• Impact of ongoing reconstruction: how are security, lack of an Iraqi governing body and other reconstruction-related concerns affecting the potential of Iraq’s economy and decisions about foreign investment
  • 12:40 Networking Lunch

    14:00 POLITICAL PERSPECTIVE

    Sir Harold Walker

    Sir Harold Walker, , former British Ambassador to Iraq

  • The Central Government today
  • Local Government
  • The future of Iraq
  • The US/UK intervention and the consequence for international relations and global security
  • 14:40 BUDGET

    Wayne Gagner

    Wayne Gagner, President, S&W International

  • US budget for Iraq
  • Contracts
  • Tasks
  • Key personnel in the US Government
  • 15:20 Afternoon Tea

    15:20 SECURING IRAQ

    Brigadier Aldwin Wight

    Brigadier Aldwin Wight, Chairman, Security Consulting Group EMEA, Kroll

  • What is the threat and what is its impact politically, economically and socially?
    What are the approaches to security?
  • What is the CPA interim Government’s role?
  • What is the coalition forces’ role?
  • What is the emerging Iraqi security forces’ role?
    How effective are the above in addressing the threat?
  • How do security companies fit into this?
  • What are the security strategies and challenges?
    What are the costs?
  • 16:00 Chairman's Closing Remarks and Close of Day One

    8:30 Re-registration and Coffee

    9:00 Chairman's Opening Remarks

    Wayne Gagner

    Wayne Gagner, President, S&W International

    9:10 RECONSTRUCTING IRAQ

    Mr J V Schwan

    Mr J V Schwan, Vice Chairman, Iraq Investment and Reconstruction Task Force, US Department of Commerce

  • The Bush Administration’s reconstruction plan: building bridges, infrastructure and institutions
  • The US Department of Commerce’s reconstruction initiatives
  • US Commerce Secretary Don Evans’ visit to highlight Iraq reconstruction
  • The Department of Commerce’s Reconstruction Outreach to US industry
  • Working with our Coalition partners to rebuild Iraq
  • A review of the infrastructure at the moment
  • 9:40 CASE STUDY

    Albert Bertini

    Albert Bertini, Deputy Program Manager, Iraqi Reconstruction, Military Programs Directorates, US Army Corps of Engineers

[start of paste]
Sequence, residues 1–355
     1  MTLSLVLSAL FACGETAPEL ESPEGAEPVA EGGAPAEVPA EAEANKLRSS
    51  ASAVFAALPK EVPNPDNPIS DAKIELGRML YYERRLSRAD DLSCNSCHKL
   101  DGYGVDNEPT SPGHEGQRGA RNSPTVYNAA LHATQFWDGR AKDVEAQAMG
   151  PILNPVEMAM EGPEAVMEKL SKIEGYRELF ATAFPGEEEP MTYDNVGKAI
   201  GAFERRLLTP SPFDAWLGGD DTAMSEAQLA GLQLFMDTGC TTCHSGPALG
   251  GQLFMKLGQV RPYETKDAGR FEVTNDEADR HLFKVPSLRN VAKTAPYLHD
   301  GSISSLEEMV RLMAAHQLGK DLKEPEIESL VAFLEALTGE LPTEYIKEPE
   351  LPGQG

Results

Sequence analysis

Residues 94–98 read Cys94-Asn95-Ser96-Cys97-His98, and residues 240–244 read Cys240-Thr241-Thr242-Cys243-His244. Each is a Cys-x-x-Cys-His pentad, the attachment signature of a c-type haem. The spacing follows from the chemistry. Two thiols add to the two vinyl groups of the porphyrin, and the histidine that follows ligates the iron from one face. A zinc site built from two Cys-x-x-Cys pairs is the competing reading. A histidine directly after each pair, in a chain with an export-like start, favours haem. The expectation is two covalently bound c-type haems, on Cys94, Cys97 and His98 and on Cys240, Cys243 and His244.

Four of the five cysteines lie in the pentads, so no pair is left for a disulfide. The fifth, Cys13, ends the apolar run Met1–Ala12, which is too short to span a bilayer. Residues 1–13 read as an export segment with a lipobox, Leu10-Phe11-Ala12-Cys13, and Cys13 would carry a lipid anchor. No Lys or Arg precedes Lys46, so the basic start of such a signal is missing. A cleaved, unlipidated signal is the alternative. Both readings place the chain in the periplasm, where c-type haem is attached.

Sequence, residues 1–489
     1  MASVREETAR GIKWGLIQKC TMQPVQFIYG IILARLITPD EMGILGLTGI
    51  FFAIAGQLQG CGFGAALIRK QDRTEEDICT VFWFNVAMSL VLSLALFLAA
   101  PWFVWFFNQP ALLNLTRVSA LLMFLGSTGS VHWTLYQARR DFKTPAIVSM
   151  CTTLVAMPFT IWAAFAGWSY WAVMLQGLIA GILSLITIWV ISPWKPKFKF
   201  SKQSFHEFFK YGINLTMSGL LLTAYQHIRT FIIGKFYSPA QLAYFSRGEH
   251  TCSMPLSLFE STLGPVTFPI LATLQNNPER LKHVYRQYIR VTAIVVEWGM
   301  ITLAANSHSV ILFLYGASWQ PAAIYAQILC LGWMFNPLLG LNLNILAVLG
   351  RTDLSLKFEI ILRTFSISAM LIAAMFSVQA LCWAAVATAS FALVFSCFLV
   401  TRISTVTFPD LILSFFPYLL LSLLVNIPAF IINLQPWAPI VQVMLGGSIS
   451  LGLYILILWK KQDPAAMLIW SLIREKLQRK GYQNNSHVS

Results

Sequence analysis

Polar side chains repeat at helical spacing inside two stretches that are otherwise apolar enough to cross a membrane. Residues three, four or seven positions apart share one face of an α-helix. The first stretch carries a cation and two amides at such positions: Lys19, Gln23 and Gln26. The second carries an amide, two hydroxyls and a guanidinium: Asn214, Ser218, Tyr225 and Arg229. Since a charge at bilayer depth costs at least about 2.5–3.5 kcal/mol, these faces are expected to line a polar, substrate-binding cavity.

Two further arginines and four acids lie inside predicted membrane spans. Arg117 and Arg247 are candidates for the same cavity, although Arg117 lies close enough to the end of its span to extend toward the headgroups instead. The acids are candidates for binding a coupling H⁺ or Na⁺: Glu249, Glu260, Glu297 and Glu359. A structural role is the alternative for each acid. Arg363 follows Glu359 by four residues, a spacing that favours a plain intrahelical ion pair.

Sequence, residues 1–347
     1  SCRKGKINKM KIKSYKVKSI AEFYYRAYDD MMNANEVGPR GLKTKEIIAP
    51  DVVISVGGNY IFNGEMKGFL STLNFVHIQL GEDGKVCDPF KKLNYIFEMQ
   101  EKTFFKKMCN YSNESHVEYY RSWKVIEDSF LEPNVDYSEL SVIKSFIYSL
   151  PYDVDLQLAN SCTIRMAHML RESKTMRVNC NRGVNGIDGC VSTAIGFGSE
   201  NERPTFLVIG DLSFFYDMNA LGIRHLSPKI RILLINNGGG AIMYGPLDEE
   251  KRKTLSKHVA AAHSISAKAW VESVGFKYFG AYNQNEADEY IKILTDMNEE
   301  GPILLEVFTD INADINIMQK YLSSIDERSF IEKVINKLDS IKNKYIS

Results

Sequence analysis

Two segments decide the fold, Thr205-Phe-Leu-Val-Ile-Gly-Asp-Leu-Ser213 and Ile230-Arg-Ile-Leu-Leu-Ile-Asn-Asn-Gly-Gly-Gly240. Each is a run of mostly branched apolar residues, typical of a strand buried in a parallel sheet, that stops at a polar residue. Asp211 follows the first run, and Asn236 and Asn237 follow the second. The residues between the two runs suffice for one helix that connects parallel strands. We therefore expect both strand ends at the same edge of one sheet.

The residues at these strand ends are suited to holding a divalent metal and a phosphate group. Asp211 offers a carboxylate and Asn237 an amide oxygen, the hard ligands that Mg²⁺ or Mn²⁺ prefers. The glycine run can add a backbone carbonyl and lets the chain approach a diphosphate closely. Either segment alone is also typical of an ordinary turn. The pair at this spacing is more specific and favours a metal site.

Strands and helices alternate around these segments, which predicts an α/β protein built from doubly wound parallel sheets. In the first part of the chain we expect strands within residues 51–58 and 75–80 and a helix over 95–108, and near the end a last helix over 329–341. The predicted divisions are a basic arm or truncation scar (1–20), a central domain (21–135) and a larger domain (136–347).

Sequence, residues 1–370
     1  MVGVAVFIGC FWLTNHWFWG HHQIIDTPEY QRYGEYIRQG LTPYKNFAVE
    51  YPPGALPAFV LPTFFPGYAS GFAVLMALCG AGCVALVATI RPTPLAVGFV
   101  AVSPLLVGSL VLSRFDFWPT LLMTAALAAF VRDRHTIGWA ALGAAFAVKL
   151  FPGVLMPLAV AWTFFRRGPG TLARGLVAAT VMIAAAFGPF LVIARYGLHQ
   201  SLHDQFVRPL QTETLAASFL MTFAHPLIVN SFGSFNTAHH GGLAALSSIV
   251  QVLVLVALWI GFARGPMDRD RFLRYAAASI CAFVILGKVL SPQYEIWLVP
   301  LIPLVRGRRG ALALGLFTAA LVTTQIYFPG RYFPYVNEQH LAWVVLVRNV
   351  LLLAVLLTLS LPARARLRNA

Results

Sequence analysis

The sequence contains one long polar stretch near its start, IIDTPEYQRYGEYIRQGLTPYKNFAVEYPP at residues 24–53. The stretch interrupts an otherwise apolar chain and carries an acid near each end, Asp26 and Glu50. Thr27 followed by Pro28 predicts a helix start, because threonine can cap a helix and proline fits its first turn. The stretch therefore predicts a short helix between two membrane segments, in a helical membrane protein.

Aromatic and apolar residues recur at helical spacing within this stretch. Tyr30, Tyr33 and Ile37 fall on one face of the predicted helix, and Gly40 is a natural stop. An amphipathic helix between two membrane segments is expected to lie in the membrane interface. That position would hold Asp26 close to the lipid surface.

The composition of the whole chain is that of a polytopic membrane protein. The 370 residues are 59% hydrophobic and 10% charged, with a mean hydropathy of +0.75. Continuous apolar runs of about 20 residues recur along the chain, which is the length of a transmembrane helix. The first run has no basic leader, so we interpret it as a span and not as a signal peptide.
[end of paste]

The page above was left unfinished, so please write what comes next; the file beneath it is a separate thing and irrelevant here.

• Support to US forces
  • Restoring Iraqi oil infrastructure
  • Supporting the Coalition Provisional Authority
  • Support to US Agency for international development
  • Restoring Iraq electricity
  • 10:20 IRAQ’S OIL

    Peter Stewart

    Peter Stewart, Oil Manager, Platts Global Energy

  • Reserves and production history
  • Oil and gas field development
  • Refineries and domestic consumption
  • Export terminals and pipelines
  • Iraq’s production prospects
  • 11:00 Morning Coffee

    11:20 PANEL DISCUSSION

  • The position of Iraq’s reconstruction efforts
  • The potential of Iraq’s energy
  • Opportunities and threats that could be faced by internal and external industry players
  • Juliet Blanch

    Juliet Blanch, Partner, Head of International Arbitration, Norton Rose

    Albert Bertini

    Albert Bertini, Deputy Program Manager, Iraqi Reconstruction, Military Programs Directorates, US Army Corps of Engineers

    Andrew Bonser

    Andrew Bonser, Partner, Freshfields Bruckhaus Deringer

    Faris Sahra

    Faris Sahra, Lawyer, Freshfields Bruckhaus Deringer

    11:20 THE LEGAL FRAMEWORK OF IRAQ

    Juliet Blanch

    Juliet Blanch, Partner, Head of International Arbitration, Norton Rose

  • The current post-war legal system
  • The implications of the legal situation
  • Potential legal obstacles to trade
  • In the event of a dispute, what remedies are available?
  • Issues of enforcement
  • 12:00 REVIVING IRAQ’S ENERGY

  • Current conditions and fundamentals of the Iraqi energy sector
  • The industry’s potential impact on global energy markets
  • Potential to create a favourable climate for redevelopment
  • The need for financial and technical assistance